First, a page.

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There are subjectives, and then there are these. While you may believe a work fits here, and you might be right, people tend to have rather vocal, differing opinions about this subject.
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Fixer Sue

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Amongst fanfiction writers, the Fix Fic is incredibly popular due to everybody having an opinion on how a particular canon should go. Don't like how they took your favorite character and Dropped a Bridge on Him? Nah, He's Just Hiding. Your OTP got ruined? Derail a few characters to get things on the right track. Wish the villain wasn't such a cad? Maybe he found that there was good in his heart after all. But how are you going to make this happen? This is when you call your local fanfiction repair business and request they send out a Fixer Sue.

The Fixer Sue is a unique entity in the Mary Sue class in that he or she or they was never meant as a character so much as a plot device. They may or may not represent the author, but what they do is use their magical plot-altering powers to get things "back on track" in the eyes of the author. The plot still bends over backward to accommodate the character, but instead of it being done for the greater glory of the author, it's to get to a particular end within the canon. Once the character is done fixing all the "problems", they will usually get unceremoniously removed (either by death, being Put on a Bus, or just getting downgraded to a minor character).

Fixer Sue can be just anything and everything so long as they get the results desired. A God-Mode Sue comes in and ceremoniously kills off the Love Dodecahedron outside of the OTP? Hey, that works. A Sympathetic Sue wangsts about how her (non)canon sister is depressed and unloved, inspiring the protagonist to choose her instead? That also works. This is also often done in a tongue-in-cheek manner (for example, a Parody Sue shows up and makes the hero realize how much he really hates extremely girly women and goes for the tomboyish childhood friend).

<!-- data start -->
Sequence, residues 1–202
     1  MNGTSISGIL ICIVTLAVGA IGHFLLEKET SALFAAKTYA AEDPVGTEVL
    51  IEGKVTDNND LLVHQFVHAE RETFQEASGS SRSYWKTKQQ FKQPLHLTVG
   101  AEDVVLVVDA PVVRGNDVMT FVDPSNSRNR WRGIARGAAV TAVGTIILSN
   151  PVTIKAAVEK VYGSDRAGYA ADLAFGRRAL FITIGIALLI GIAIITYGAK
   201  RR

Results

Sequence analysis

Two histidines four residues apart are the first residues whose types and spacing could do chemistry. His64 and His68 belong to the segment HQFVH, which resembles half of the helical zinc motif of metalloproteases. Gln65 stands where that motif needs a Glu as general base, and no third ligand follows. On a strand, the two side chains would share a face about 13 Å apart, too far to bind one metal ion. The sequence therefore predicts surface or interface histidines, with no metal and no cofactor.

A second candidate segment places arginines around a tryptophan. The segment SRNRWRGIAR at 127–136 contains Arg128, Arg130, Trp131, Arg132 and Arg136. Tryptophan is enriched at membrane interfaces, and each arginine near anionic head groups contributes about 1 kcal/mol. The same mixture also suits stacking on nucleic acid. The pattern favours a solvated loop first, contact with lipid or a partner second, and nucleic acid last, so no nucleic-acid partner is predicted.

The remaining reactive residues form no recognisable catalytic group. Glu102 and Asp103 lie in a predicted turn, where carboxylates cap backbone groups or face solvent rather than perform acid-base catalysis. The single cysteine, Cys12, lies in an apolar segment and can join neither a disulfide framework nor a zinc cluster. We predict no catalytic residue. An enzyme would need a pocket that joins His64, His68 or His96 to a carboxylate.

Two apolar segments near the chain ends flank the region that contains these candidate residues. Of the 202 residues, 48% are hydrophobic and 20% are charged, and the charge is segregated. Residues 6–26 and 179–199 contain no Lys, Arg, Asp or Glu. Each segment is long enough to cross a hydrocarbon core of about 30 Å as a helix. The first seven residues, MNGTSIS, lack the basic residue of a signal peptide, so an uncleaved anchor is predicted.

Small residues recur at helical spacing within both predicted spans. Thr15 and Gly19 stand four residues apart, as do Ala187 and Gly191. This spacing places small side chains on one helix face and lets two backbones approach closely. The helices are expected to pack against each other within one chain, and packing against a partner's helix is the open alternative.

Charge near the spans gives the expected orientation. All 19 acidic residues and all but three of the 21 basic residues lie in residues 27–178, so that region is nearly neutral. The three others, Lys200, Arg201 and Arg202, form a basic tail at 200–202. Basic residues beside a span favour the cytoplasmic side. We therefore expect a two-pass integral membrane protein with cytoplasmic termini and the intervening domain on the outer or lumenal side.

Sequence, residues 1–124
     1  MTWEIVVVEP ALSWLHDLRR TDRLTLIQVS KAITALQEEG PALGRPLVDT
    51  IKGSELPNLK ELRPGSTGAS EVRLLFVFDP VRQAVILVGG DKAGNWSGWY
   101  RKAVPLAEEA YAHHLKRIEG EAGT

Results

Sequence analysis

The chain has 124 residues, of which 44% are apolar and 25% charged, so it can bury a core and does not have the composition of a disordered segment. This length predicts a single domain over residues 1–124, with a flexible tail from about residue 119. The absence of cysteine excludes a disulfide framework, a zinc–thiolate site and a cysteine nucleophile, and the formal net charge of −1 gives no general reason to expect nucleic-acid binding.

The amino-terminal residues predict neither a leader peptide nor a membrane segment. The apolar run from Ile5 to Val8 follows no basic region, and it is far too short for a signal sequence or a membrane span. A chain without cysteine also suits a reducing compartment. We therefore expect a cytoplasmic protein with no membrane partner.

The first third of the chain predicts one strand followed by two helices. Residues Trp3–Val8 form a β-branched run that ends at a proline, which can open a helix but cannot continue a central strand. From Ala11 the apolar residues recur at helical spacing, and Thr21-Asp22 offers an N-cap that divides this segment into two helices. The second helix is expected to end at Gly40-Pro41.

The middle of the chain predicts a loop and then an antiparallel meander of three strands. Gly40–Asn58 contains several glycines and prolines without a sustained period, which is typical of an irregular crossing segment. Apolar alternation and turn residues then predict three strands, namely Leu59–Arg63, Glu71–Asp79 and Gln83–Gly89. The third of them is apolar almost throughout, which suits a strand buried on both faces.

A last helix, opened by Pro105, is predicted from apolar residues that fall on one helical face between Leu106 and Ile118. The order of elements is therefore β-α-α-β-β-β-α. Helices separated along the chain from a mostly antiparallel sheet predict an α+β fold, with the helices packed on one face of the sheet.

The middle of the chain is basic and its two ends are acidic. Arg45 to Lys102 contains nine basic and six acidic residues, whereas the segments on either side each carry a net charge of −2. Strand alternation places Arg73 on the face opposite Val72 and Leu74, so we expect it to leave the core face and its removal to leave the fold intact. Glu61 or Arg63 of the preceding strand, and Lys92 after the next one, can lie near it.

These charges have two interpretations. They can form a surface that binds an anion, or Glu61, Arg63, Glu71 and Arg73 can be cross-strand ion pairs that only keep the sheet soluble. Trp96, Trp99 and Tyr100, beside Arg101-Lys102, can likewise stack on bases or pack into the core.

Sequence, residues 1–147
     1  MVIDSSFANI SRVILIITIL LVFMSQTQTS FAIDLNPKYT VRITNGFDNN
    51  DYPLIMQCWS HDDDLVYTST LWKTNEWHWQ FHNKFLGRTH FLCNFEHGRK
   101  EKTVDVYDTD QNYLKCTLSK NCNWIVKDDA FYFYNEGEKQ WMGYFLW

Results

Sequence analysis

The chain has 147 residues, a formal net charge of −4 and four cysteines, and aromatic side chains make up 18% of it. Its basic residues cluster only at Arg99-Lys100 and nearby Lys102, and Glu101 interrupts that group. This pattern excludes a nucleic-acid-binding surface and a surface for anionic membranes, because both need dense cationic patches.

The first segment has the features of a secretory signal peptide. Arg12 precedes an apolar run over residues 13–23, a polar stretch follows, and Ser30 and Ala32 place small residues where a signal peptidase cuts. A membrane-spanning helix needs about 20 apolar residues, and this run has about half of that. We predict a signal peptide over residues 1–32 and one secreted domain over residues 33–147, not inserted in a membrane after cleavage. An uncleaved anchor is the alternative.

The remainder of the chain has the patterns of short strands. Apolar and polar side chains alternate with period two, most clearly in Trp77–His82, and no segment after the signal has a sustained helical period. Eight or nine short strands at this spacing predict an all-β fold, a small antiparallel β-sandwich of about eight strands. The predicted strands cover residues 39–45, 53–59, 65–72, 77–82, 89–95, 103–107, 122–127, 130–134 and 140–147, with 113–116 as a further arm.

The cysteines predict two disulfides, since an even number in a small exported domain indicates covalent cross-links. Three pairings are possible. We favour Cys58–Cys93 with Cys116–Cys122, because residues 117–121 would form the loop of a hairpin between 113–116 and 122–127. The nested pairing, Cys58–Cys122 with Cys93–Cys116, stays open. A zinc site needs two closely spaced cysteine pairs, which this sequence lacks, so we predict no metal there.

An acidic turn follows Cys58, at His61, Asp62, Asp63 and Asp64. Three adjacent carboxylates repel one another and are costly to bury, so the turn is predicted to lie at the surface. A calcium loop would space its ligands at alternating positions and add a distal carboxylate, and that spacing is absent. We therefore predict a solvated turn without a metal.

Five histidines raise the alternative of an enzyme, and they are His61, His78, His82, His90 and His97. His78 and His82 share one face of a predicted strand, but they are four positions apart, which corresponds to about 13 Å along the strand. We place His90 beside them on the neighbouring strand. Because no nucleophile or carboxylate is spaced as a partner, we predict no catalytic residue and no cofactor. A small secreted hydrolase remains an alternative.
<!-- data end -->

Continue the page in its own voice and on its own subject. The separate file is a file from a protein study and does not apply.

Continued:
This can still happen within a canon itself, but it's quite rare. Still, maybe the author just ended up hating a particular path that was taken and decides to go head over heels during the Author's Saving Throw. Alternatively, the character might just exist as a walking Deus ex Machina and the story surrounding him or her is based around "fixing" every perceived social wrong. Characters prone to this include the Blithe Spirit, the Magical Negro, and The Drifter Walking the Earth.

Somewhat more believably, this may be combined with Peggy Sue (not a Mary Sue type, by the way), in which a canon character does this as a part of Setting Right What Once Went Wrong, or even as an unexpected coincidence or consequence of their actions.

Please do not add examples to work pages, this is merely defines the term.